Investigative Reporting: “Insane. Invisible. In Danger.” Leonora LaPeter Anton and Anthony Cormier of the Tampa Bay Times and Michael Braga of the Sarasota Herald-Tribune
Two news organizations collaborated to report on violence and neglect in Florida state mental hospitals. Read Now

Explanatory Reporting: “An Unbelievable Story of Rape” T. Christian Miller of ProPublica and Ken Armstrong of The Marshall Project
The story of one survivor of a serial rapist reveals “law enforcement’s enduring failures to investigate reports of rape properly and to comprehend the traumatic effects on its victims.” Read Now

Local Reporting: “Failure Factories” Michael LaForgia, Cara Fitzpatrick and Lisa Gartner of Tampa Bay Times
Exposing a local school board’s culpability in turning some county schools into failure factories, with tragic consequences for the community. Read Now

National Reporting: Creating and Using a National Database on Police Shootings, The Washington Post staff
A multitude of stories using data and graphics as well as reporting to examine the who, what, when, where and why of police shootings in America. Read Now

International Reporting: “Honor Killings and Mob Justice Against Women in Afghanistan” Alissa J. Rubin of The New York Times
Moving accounts of the deadly dangers women face every day in Afghanistan. Read Now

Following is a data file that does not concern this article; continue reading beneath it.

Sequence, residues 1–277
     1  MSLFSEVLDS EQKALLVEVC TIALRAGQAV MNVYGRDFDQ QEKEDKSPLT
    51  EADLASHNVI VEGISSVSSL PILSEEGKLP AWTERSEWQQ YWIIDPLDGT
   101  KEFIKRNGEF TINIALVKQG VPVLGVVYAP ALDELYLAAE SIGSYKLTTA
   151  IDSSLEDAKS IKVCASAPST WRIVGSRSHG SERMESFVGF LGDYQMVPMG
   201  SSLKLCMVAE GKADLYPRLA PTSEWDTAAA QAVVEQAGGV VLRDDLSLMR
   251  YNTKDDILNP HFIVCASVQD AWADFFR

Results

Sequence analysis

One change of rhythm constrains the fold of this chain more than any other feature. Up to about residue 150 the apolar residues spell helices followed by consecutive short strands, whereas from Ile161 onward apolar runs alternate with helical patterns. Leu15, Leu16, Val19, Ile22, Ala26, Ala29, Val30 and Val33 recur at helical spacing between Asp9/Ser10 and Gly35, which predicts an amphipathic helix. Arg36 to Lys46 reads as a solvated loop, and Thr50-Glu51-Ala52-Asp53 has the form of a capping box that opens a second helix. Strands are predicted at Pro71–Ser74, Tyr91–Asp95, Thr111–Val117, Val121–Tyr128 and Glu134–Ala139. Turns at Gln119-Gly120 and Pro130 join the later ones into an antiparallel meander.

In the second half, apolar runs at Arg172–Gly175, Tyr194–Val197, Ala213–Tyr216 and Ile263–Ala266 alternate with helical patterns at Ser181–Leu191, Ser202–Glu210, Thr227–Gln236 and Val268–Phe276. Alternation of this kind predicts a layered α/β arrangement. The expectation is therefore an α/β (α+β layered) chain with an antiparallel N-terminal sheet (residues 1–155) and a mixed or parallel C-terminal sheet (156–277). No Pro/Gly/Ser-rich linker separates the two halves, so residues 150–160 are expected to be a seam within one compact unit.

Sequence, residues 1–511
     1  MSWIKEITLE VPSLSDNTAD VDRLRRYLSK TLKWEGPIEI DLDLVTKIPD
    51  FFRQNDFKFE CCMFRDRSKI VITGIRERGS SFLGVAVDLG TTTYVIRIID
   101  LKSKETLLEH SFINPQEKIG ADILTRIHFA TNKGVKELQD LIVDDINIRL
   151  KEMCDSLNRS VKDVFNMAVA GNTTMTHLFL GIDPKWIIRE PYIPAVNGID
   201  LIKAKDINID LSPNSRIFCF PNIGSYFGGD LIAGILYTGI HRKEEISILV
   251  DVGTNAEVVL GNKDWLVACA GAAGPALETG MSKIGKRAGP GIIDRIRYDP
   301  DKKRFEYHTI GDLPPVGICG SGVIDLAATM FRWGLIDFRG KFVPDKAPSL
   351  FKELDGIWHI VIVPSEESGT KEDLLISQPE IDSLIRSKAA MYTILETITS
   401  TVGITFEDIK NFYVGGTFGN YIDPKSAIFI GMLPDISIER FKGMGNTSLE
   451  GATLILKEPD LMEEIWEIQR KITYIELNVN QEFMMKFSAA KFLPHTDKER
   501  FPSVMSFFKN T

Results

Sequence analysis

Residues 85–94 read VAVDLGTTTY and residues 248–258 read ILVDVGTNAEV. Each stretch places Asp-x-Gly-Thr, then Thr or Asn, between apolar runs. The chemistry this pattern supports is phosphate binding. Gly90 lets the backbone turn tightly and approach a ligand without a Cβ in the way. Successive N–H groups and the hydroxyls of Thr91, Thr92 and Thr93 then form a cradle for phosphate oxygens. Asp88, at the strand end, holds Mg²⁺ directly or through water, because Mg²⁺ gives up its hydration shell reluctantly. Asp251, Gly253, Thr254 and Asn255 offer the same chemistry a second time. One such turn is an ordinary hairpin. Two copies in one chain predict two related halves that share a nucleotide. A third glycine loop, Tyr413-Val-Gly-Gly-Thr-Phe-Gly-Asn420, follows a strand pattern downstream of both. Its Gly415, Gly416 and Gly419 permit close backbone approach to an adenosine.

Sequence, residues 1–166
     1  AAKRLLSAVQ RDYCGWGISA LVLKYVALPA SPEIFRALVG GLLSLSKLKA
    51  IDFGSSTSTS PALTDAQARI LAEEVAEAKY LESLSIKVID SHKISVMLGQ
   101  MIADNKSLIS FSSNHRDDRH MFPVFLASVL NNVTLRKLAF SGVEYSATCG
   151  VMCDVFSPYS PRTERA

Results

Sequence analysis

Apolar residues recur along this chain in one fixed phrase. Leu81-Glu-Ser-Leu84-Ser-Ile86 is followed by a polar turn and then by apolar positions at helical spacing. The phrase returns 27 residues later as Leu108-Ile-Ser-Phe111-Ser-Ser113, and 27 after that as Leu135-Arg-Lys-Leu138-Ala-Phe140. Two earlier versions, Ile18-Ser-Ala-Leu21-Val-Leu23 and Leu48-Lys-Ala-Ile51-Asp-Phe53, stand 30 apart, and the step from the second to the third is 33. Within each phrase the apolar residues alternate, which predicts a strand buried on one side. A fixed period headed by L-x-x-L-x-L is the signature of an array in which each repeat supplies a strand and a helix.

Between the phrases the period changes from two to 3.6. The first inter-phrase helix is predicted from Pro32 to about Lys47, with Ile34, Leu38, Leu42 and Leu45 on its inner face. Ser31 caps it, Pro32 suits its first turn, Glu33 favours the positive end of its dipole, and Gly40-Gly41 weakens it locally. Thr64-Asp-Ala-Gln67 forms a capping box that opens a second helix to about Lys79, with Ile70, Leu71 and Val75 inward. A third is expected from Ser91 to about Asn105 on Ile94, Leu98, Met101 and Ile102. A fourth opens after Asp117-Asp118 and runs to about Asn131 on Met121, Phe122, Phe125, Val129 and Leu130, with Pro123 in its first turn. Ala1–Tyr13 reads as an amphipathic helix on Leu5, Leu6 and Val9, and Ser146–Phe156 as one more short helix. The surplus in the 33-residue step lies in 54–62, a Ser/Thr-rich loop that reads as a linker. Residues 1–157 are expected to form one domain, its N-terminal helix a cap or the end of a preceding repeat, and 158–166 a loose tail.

Feature Writing: “The Really Big One” Kathryn Schulz of The New Yorker
For “an elegant scientific narrative of the rupturing of the Cascadia fault line.” Read Now

Commentary: The Legacy of Busing in Boston, Farah Stockman of The Boston Globe
A number of articles that examine the legacy of racial busing in Boston, from an effect on the police force to Donald Trump’s relationship with the city. Read Now

Criticism: Television Writing, Emily Nussbaum of The New Yorker
“For television reviews written with an affection that never blunts the shrewdness of her analysis or the easy authority of her writing.” Read Now

Editorial Writing: A Deadly Assault on an Inmate by Charlotte Correctional Institution Officers, John Hackworth of Sun Newspapers, Charlotte Harbor, FL
“Fierce, indignant editorials” that reported to the public that 10 correctional officers who had killed an inmate during an assault were still on payroll. Read Now

Editorial Cartooning: Jack Ohman of The Sacramento Bee
“For cartoons that convey wry, rueful perspectives through sophisticated style that combines bold line work with subtle colors and textures.” Read Now

Breaking News Photography: Photographs of the Refugee Crisis, Mauricio Lima, Sergey Ponomarev, Tyler Hicks and Daniel Etter of The New York Times
Their photos captured the scale and deadly drama of the European migrant crisis. Read Now

Breaking News Photography: Photographs of the Refugee Crisis, Photography Staff of Thomson Reuters
For more powerful photos on the same topic of the European migrant crisis. Read Now

Feature Photography: “The Life and Times of Strider Wolf” Jessica Rinaldi of The Boston Globe
A portrait of a young boy struggling find his way after abuse by those he loved. Read Now